I recently started working on making the language accepted by CTCO fall more in line with how the Clojure grammar is defined. My first foray in this effort was changing the way
fn was represented to handle all the forms it's supposed to in full Clojure (e.g. the optional name, condition map, multiple formals vectors/bodies, etc.). In making this change, I realized that the current representation of
fn, a record aptly named
Fn, actually represented something more akin to a single formals vector/function body in a full
fn expression. This was an especially enlightening realization because it made the use of the
Fn record for
defn bodies seem more in line with reality and less like I was lazy in implementing variadic
defn expressions. Note that the original implementational reason was laziness; I just got really lucky that it turned out to be a logical representation.
With that ephiphany, I decided that the best way to add full
fn to the language was by first changing the existing
Fn record to be
FnBody, since that seemed to be what it actually represented. Really this was a cosmetic change; the representation stayed the same, and no algorithms were affected by it. Having made the change, it seemed like the next step was to create a new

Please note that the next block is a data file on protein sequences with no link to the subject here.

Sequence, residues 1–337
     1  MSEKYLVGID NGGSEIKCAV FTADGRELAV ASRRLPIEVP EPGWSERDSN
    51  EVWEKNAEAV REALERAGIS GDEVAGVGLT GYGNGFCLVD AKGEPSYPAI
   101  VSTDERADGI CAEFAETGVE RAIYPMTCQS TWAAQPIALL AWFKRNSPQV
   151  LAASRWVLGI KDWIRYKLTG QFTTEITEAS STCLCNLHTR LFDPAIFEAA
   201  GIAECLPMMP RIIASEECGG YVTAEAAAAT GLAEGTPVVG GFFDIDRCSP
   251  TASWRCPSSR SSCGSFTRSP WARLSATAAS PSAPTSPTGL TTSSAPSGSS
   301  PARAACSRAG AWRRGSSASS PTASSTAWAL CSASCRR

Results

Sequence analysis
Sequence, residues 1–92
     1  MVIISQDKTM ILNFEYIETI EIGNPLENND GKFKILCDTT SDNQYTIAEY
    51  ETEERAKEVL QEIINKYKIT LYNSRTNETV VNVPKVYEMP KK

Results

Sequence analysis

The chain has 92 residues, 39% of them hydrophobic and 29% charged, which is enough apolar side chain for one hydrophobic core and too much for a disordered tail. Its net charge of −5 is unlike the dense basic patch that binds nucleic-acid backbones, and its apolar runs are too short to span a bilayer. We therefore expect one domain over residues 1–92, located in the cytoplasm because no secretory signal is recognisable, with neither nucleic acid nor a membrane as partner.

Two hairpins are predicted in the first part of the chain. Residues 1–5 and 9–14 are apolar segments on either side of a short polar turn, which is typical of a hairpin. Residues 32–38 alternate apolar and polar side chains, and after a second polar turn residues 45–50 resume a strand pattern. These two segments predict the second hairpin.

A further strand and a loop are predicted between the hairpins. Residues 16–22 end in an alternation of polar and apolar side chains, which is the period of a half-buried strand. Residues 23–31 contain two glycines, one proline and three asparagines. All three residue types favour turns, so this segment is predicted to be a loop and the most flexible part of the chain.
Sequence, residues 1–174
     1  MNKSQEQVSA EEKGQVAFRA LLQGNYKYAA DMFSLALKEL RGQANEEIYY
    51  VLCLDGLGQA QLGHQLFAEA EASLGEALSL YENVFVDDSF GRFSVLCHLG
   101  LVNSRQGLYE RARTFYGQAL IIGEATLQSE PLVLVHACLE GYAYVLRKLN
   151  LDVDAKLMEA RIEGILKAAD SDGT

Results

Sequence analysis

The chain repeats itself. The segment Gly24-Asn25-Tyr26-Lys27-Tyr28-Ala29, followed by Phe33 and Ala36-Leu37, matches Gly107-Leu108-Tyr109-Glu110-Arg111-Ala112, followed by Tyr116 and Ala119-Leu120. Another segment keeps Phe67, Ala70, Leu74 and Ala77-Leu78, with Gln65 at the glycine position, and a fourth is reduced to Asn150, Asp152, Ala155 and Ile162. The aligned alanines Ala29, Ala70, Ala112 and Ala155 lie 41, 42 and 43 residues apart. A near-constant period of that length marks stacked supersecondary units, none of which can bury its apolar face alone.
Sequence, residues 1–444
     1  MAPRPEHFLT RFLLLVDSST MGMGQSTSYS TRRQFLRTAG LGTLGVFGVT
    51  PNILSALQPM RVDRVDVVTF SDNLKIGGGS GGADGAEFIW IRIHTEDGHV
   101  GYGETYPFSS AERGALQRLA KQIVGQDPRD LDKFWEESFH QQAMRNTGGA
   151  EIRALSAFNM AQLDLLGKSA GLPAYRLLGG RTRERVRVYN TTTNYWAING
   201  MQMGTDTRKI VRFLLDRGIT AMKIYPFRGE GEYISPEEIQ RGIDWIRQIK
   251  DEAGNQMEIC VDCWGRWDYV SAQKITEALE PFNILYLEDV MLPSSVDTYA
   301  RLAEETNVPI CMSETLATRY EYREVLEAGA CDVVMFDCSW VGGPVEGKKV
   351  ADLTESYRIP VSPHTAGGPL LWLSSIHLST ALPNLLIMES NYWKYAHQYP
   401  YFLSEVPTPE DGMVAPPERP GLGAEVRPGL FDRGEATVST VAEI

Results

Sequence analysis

Fn that had the appropriate additional fields.
For whatever reason, this brought me to yet another conclusion about the internal design of CTCO. Maybe it was some extra months of experience since I wrote the original code. Maybe it was reading the Clojure docs more closely. Maybe it was a subconcious, self-destructive nature that just wants to make recreational coding as difficult as possible.
In any case, my next steps for CTCO include stripping back the forms represented after the parser. As with any good Lisp dialect, Clojure has a simple core of fewer than a couple dozen forms, and the rest of the language is built from it. CTCO suffers from representing things that are common, but not basic language forms. Thus I want to take those things out, like
defn and instead replace them with the most basic internal representation.
So what does this change look like? To the outside observer, not much; the interface should stay the same. To the guy hacking on internal algorithms, it's also pretty minimal. In fact, it might even make the internals easier. The point of this change is to take the vast array of Clojure expressions that can be handed to CTCO and boil them down to those few basic forms that define the core of the language. It'll mean ripping out some of the internal records which, again, will probably make little difference to most of the algorithms (thanks to the beauty of protocols). Most of the burden will be put onto the parser, as it will need to be beefed up to do the translation to core forms.
This proposed update should roll out pretty soon. I don't actually think it will take long, and hopefully it will make it easier to expand the language (as I've been promising to do for months.